A classical example of petal-to-stamen transition is the flower of white water lily (Nymphaea alba s.l., Nymphaeaceae). The description in terms of classical plant morphology cannot reveal all morphological variation of transitional organs. Our aim was to describe transitional structures of Nymphaea flower using an integrated approach, which could adequately reflect the nature of transitional structures. We collected 25 water lily flowers from four regions of European Russia. All the organs of the flowers were measured (2479 organs in total). Our data were analysed graphically and by various methods of multivariate statistics. To reduce the influence of size we computed two integrated "hybrid" morphological indices. The Euclidean distances from "typical stamen" and membership coefficients of fuzzy clustering were also calculated. In addition, we tested the descriptive ability of landmark-based geometric morphometrics. Besides traditional petal-to-stamen transition in Nymphaea flowers, we documented intermediate organs between sepals and petals, which were close to sepals by their morphology. Traditionally gradual petal-to-stamen shifts were postulated for Nymphaea flower. In spite of this postulate, our application of computing Euclidean distances method, of "hybrid" indices and of cluster membership of fuzzy clustering revealed that petals, stamens and transitional structures could be efficiently separated by their characters. The analysis of these characters shows diversity in morphology of flowers, collected from distinct regions of European Russia, which could be of taxonomic importance. It is remarkable that different morphological feature shifts, leading to substitution of sepals by petals and of petals by stamens, occur asynchronously. Flowers were investigated as "populations", where any separate organ represents a single "individual". Thus methods, used in plant population biology, may be applied to flower organs. Morphological nature of these organs is better revealed via integral characteristics such as "hybrid" indices, distances and cluster membership.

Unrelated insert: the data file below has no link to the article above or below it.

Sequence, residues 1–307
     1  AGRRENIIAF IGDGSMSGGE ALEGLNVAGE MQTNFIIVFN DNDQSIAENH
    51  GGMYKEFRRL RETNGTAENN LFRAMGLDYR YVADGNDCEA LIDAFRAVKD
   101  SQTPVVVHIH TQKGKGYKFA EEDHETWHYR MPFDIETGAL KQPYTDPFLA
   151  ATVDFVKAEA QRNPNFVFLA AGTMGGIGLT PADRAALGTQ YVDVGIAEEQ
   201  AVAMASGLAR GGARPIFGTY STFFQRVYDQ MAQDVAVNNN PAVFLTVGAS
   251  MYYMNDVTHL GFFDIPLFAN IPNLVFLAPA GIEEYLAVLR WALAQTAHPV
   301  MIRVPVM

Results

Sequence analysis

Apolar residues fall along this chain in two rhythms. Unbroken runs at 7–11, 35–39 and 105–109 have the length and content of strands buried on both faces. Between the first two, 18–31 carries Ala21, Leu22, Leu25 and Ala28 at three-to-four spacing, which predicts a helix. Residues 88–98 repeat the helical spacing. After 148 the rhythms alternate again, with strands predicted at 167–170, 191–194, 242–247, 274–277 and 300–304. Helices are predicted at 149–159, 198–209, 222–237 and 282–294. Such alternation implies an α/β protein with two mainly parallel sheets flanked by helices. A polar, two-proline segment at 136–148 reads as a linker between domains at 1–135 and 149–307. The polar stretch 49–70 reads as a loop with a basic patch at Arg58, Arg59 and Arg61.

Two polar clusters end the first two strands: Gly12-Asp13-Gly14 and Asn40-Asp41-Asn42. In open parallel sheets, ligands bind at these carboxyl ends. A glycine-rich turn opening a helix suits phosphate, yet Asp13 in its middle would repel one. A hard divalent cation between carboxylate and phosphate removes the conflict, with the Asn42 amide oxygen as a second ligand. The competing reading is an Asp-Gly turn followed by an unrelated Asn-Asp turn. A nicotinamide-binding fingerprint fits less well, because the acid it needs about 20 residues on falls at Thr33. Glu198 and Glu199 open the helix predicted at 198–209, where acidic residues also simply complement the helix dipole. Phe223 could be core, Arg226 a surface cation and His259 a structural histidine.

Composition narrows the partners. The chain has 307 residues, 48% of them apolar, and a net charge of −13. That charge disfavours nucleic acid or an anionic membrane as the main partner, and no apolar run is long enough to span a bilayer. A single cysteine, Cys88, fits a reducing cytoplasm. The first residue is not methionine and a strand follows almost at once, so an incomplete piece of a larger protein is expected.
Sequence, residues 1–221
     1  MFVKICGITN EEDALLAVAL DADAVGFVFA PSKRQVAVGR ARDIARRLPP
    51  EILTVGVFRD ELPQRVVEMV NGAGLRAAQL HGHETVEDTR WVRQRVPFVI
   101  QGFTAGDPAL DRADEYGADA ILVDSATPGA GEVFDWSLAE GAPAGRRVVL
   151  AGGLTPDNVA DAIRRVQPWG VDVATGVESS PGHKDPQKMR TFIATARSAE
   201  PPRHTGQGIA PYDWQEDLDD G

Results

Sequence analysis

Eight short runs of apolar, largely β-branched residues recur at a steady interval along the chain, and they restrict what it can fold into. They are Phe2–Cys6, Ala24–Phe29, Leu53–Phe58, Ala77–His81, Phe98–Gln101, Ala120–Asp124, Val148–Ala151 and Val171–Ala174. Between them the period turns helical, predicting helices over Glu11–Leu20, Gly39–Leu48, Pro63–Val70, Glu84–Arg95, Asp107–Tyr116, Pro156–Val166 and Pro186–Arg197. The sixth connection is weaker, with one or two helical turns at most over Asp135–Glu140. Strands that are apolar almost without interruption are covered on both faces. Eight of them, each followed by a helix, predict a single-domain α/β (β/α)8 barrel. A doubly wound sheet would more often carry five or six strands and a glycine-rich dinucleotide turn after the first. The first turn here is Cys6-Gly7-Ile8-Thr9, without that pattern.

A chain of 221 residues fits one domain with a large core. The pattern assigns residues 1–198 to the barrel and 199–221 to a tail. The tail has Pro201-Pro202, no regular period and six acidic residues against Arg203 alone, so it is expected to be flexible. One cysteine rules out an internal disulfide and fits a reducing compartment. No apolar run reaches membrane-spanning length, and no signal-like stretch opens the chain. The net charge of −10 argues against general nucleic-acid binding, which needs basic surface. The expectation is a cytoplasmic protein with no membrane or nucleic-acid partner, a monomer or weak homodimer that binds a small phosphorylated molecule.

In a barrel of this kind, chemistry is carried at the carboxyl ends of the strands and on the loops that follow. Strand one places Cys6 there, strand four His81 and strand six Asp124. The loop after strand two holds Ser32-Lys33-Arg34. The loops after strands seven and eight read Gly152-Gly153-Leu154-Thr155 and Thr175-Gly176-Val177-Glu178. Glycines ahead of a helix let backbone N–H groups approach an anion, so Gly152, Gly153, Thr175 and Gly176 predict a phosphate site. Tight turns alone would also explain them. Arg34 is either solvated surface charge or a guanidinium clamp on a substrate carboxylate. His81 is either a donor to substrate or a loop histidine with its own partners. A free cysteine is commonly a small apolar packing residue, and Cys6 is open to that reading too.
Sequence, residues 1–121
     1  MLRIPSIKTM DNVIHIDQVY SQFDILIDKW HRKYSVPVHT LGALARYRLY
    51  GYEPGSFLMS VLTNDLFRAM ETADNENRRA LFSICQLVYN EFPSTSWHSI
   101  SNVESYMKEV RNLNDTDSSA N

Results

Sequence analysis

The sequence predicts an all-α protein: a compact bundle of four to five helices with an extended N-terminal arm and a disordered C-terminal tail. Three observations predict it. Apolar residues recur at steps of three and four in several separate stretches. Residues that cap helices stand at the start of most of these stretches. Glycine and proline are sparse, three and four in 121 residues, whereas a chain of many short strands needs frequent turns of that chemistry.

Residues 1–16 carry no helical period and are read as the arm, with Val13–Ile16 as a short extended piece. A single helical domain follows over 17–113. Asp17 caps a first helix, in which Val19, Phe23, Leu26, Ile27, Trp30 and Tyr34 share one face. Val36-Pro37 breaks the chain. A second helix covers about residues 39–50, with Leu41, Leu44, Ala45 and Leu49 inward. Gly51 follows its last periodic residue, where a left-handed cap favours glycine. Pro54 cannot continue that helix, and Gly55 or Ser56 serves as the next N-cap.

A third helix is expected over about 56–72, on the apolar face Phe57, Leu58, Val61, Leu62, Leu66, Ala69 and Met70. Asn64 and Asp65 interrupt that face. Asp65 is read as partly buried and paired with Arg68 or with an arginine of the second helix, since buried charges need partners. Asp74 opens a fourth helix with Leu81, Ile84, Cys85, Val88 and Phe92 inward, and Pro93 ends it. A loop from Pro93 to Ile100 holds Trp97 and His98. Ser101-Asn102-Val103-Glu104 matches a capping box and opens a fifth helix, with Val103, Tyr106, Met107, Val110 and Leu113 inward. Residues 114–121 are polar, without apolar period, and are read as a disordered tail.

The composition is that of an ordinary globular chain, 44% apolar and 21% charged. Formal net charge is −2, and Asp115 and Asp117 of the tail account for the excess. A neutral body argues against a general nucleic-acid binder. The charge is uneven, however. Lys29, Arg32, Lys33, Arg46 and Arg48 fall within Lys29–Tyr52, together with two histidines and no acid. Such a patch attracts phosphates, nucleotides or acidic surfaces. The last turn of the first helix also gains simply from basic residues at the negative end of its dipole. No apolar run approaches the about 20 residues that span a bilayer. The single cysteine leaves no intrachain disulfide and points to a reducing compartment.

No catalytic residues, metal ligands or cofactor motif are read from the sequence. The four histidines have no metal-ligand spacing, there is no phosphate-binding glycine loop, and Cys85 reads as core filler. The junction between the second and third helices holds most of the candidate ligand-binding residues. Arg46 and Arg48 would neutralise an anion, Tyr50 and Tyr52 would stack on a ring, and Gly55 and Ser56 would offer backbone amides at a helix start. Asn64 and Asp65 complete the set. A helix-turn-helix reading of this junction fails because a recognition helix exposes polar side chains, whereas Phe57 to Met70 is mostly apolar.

The Belgian Journal of Botany (now known as Plant Ecology and Evolution) is an international journal open to all fields of plant sciences. Please note, however, that papers restricted to purely nomenclatural matters or to floristical data of only local interest will not be accepted. The Journal appears in one volume of two issues per year. It publishes reviews, original research papers, short notes, letters to the editor, and book reviews. Click here for current issues of this journal